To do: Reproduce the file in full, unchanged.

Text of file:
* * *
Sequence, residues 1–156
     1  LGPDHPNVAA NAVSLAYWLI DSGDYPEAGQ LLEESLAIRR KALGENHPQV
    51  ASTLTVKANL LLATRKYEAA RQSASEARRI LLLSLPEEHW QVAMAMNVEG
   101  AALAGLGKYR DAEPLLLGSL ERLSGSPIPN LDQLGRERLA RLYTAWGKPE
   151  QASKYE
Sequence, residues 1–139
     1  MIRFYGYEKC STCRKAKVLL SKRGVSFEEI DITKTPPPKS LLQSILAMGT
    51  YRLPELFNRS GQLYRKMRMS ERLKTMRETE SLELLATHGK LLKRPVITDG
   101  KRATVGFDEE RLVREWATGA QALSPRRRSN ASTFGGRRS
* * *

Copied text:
Sequence, residues 1–156
     1  LGPDHPNVAA NAVSLAYWLI DSGDYPEAGQ LLEESLAIRR KALGENHPQV
    51  ASTLTVKANL LLATRKYEAA RQSASEARRI LLLSLPEEHW QVAMAMNVEG
   101  AALAGLGKYR DAEPLLLGSL ERLSGSPIPN LDQLGRERLA RLYTAWGKPE
   151  QASKYE
Sequence, residues 1–139
     1  MIRFYGYEKC STCRKAKVLL SKRGVSFEEI DITKTPPPKS LLQSILAMGT
    51  YRLPELFNRS GQLYRKMRMS ERLKTMRETE SLELLATHGK LLKRPVITDG
   101  KRATVGFDEE RLVREWATGA QALSPRRRSN ASTFGGRRS